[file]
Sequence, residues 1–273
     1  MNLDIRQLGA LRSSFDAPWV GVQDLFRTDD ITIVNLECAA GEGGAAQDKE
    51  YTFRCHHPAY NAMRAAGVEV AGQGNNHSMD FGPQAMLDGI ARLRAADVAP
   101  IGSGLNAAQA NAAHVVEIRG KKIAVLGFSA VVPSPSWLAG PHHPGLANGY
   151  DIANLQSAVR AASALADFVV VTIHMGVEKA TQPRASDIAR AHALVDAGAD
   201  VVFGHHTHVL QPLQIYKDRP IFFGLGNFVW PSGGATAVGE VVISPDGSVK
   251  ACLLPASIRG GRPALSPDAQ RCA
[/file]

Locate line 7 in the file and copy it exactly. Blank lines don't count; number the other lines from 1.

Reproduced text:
   251  ACLLPASIRG GRPALSPDAQ RCA